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City Moves Forward on Two Long-Awaited Greenpoint Parks

By Meredith Hoffman | October 23, 2013 8:32am
 The city's design phase of Box Street Park and an expanded Newtown Barge Park kicks off this fall.
The city's design phase of Box Street Park and an expanded Newtown Barge Park kicks off this fall.
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NYC Parks Department

GREENPOINT — The neighborhood is slowly on its way to getting two long-fought swaths of green space the city promised back in 2005. 

Construction of Box Street Park and an expanded Newtown Barge Park — totaling about five acres of public land by the East River — is slated to kick off in spring of 2015, officials said.

The news comes a year after the city admitted it had no concrete plan to develop the green space, particularly Box Street Park, a current lot that for several yers has stored cars from the MTA Roosevelt Island tram.

The parks, whose "design phase" kicks off this fall, should be complete by 2016, a spokeswoman for the city's Parks Department said. The city is soliciting public feedback on the design of the spaces and invites residents to weigh in at a meeting next week.

Work on Box Street Park can commence after the tram cars are moved to a new storage site in the Bronx, said City Councilman Stephen Levin, who noted that it had taken eight years to identify a space to relocate the vehicles.

"It took very long. You're talking about [completing the parks] 11 years after the committment was made, but as long as the ball gets rolling I'm OK with it," said Levin, who has previously blasted the Bloomberg administration's delay. "I really welcome the opportunity for the community to have input into what the park will look like.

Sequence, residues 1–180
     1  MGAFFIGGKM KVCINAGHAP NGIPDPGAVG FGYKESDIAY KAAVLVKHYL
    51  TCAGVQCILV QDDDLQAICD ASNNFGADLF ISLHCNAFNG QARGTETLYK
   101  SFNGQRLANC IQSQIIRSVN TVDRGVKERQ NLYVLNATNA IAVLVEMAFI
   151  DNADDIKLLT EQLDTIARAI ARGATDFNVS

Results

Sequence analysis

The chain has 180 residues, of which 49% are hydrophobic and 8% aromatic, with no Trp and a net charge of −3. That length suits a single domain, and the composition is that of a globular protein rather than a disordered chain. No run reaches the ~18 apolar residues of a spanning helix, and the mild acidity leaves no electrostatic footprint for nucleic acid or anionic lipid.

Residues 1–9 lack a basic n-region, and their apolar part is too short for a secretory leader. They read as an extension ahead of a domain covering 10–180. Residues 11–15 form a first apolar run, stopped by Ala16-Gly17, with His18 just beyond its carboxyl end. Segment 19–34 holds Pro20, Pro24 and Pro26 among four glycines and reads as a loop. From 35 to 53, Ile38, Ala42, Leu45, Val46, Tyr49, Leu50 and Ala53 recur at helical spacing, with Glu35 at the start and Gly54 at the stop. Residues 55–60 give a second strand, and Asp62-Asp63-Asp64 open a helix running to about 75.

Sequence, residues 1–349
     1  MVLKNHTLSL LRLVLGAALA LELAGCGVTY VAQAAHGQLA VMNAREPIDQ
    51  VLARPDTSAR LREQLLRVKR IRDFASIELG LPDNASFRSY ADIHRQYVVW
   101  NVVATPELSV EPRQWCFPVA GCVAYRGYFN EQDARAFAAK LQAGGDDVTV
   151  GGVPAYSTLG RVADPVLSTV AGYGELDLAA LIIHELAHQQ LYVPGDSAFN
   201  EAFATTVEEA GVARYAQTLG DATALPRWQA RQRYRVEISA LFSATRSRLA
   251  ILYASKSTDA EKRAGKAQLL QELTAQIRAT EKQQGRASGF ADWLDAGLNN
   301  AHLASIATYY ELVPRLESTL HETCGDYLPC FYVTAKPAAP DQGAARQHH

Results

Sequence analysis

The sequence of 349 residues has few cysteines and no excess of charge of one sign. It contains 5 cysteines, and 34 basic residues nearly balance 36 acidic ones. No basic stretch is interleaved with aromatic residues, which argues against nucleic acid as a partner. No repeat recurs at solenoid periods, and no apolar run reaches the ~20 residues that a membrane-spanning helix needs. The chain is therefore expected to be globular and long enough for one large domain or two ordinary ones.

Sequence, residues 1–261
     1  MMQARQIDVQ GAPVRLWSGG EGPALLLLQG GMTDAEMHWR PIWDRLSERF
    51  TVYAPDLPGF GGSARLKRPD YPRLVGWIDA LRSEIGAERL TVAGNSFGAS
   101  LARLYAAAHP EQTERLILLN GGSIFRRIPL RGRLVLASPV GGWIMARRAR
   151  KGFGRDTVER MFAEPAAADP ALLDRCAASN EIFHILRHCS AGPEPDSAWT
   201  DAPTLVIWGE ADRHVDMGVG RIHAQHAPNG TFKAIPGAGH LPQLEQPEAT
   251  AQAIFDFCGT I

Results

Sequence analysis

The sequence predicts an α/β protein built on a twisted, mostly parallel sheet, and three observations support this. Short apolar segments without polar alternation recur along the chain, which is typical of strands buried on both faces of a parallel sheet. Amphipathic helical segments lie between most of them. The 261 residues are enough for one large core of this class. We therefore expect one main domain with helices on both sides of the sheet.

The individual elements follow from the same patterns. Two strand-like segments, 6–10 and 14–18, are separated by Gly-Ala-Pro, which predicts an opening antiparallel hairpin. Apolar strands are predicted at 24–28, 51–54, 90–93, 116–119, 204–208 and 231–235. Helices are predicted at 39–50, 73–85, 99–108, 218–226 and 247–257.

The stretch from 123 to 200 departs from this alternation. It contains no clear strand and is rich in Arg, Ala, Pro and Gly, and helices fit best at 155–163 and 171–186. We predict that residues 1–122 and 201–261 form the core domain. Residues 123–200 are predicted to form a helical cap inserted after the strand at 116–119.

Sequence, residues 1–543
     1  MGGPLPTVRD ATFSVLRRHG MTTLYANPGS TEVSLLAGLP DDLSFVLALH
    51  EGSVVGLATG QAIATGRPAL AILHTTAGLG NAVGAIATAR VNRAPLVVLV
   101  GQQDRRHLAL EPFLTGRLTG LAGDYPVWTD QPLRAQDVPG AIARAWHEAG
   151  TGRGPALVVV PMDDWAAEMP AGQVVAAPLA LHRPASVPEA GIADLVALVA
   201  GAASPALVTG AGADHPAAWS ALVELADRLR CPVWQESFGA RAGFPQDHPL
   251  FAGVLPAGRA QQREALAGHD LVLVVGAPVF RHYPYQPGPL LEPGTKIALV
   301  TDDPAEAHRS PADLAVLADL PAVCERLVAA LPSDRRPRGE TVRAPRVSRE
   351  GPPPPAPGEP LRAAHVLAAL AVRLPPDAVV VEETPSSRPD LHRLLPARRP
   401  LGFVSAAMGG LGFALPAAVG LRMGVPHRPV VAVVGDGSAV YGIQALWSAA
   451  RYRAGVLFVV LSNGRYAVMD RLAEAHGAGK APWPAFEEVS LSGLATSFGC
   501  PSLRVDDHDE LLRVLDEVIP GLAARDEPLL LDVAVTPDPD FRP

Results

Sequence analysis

The parks are adjacent to the controversial high-rise developments of Greenpoint Landing and 77 Commercial St., and the developers of Greenpoint Landing are required to help fund the parks as part of their agreement with the city, officials noted.

The parks' development follows years of locals pushing for the open space, but some residents said they were so disenchanted by the other water development that they'd lost their excitement about the projects.

"I'm personally not as excited about parks as I used to be...Most of us won't even be able to live here to use the park," said resident Laura Hofmann, who said the waterfront woud change so dramatically with the influx of residents and increase of prices with the slated Greenpoint waterfront towers.

Plans for Box Street Park include a multi-purpose field and shaded picnic terrace, and a possible launching pad for kayaks at the "mouth of Newtown Creek," a city presentation on the park explains. And as for Newtown Barge Park, a current playground in the spot would expand to include a picnic area and more recreational space.

The meeting for public feedback on the projects is Oct. 30 at 6 p.m., at Bushwick Inlet Park.